Similarly, in the case before us, the indictment which charged that Defendant without authority entered into a building "of School District Number 34" clearly charged that it was a building belonging to School District Number 34 (People v. Wilson, 24 Ill.2d 598, 182 N.E.2d 683). The description of ownership of the building to be in School District Number 34 is likewise adequate. As stated in People v. Furman, 26 Ill.2d 334, at 336, 186 N.E.2d 262:
"The purpose of this requirement is to enable the accused to prepare for trial, and to plead former acquittal or conviction under the indictment in bar of another prosecution for the same offense."
In that case, the ownership of the burglarized building was alleged to be in "School District Number 102" and "School District Number 105" and in such case the indictment was held sufficient. Under the provisions of Illinois Revised Statutes (Ill Rev Stats, 1961 c 38, § 19-1), the indictment is sufficiently explicit in identifying and giving the exact location of the buglarized premises, and a formal allegation of ownership or possession beyond what is contained in the indictment before us was clearly unnecessary. Defendant was advised of the charged offense so that he could adequately prepare his defense. The only building which could fit the description of the burglarized premises was the one school building known as the "Silvis-McKinley School." We must, therefore, conclude that the indictment in this case sufficiently alleged ownership as a matter of fact and, in any event, was sufficient to charge the Defendant with the offense of burglary.
On the issue of the alleged error relating to failure to prove unauthorized entry of the building, we do not believe that this contention is sustained by the record. While the Defendant did not set forth any such contention in his motion for new trial and could be deemed to have waived any such error (People v. Smith, 11 Ill.2d 280, 143 N.E.2d 50), the evidence in the record supports the verdict and finding that Defendant's entry into the premises which were burglarized was unauthorized. As stated in People v. Geisler, 348 Ill. 510, at 516, 181 N.E. 328, "Burglary can seldom be proven by direct evidence of the actual breaking and entry, and the inference of guilt in most cases must necessarily be drawn from other facts satisfactorily proved." Such evidence is necessarily circumstantial in nature, such as was found in People v. Reeves, 360 Ill. 55, 195 N.E. 443. In that case, the defendant was observed, on a holiday, leaving the ninth floor of a building where a burglarized office was located. He later fled from a peace officer and when apprehended had some apparent proceeds of the burglary on his person. The door in the office which was burglarized was found open and several safes had been broken open. In considering the matter of entry, the court stated (at Page 62), that while the evidence showed no marks of forcible entry on any doors, windows or entranceways to the offices and while there was no direct evidence as to the manner in which the offices were entered, it was not necessary to prove the particular manner of entry. The safes and metal boxes there were broken open and the court concluded that it was self-evident that some force was used to open the locked door of the offices and that a breaking and entry may be proven by circumstantial as well as direct evidence.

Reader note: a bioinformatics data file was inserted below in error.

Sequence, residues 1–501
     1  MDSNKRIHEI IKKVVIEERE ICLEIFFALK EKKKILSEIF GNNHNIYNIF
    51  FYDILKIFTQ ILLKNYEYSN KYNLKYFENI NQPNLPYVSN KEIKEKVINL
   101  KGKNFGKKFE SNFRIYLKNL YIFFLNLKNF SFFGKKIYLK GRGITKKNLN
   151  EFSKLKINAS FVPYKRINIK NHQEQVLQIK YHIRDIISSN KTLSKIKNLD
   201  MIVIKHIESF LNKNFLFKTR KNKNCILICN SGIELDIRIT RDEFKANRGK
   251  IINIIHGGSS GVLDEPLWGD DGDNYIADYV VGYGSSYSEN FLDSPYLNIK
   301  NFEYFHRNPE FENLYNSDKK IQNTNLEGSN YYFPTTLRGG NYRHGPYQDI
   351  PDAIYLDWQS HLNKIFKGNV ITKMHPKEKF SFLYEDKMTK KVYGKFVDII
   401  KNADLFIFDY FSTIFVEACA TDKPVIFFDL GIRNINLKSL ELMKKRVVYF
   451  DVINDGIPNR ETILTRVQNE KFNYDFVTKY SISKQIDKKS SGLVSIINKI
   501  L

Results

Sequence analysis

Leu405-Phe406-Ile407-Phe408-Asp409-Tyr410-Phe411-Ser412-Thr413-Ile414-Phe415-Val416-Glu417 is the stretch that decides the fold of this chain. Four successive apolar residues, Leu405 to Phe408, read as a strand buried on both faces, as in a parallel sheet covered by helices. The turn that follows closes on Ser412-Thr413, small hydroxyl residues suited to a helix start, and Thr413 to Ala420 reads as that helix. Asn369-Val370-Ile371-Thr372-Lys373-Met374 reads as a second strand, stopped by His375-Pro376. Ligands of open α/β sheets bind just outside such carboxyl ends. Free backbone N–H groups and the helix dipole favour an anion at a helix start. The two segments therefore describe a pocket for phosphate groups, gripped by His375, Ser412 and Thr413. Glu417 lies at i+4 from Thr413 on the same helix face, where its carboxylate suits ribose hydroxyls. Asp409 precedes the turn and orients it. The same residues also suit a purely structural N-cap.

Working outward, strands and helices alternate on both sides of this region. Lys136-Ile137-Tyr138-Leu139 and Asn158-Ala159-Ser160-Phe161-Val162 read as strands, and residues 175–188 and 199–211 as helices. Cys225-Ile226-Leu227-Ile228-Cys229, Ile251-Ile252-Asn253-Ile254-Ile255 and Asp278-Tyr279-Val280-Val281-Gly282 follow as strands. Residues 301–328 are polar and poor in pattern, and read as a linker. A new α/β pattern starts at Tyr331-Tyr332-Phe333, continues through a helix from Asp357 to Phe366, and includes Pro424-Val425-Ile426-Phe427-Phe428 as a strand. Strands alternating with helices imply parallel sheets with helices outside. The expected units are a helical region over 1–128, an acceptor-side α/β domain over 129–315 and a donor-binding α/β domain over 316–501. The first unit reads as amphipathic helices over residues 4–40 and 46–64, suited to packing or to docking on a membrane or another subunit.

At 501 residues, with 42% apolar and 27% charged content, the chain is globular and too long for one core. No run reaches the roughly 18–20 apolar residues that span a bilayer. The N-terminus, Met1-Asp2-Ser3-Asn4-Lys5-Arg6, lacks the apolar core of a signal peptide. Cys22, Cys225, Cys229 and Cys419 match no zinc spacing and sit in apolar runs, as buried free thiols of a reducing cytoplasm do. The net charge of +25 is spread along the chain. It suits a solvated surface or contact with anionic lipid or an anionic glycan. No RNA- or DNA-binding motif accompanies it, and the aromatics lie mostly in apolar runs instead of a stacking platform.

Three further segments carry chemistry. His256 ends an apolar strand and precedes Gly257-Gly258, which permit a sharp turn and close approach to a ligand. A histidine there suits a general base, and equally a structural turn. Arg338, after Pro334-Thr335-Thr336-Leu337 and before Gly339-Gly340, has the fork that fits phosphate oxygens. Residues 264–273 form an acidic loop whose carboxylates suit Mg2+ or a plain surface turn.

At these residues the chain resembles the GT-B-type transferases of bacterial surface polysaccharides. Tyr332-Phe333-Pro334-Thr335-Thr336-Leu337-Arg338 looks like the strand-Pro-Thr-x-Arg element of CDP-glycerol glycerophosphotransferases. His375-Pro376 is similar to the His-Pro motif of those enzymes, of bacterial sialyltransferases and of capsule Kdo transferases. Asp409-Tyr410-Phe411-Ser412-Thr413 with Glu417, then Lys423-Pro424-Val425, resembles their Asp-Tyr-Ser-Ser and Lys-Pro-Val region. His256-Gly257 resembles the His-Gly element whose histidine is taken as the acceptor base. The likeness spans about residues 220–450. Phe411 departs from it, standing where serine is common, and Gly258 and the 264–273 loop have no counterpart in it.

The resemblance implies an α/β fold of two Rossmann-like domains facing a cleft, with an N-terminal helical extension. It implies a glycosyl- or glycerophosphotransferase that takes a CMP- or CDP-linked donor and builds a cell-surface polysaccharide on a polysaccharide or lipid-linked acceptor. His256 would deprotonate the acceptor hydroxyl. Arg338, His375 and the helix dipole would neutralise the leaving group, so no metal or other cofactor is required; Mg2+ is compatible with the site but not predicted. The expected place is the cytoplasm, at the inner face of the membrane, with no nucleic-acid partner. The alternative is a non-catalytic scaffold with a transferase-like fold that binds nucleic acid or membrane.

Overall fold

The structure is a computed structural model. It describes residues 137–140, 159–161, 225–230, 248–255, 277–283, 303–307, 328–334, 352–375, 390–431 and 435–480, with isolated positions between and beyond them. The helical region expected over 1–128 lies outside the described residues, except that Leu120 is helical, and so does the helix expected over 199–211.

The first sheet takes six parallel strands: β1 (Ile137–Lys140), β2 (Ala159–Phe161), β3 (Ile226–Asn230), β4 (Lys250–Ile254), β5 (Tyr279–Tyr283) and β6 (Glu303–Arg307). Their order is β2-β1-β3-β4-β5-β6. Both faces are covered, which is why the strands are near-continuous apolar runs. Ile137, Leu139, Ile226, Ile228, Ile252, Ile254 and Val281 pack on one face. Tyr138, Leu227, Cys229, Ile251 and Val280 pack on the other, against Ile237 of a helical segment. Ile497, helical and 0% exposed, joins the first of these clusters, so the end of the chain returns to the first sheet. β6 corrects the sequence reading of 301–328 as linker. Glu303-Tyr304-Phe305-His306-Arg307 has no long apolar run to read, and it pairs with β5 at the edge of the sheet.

In the case before us, Defendant was arrested by four police officers shortly after 2:00 a.m. on a Sunday morning in the process of burglarizing the office. He came out of the office where the safe had been peeled, with dust from the firewall substance upon the trousers, shoes, and gloves he was wearing. Burglary tools were found in the office and no one else but Defendant and his companion were in the building. This cause was tried by a jury which concluded that Defendant's guilt was proven beyond a reasonable doubt. The uncontradicted evidence was sufficient to substantiate a finding by the jury that Defendant, without authority, knowingly entered the school building. Under the circumstances, the verdict of the jury is required to be sustained.
Since there is no reversible error in the record before us, the judgment and sentence of the Circuit Court of Rock Island-County will be affirmed.
STOUDER and CORYN, JJ., concur.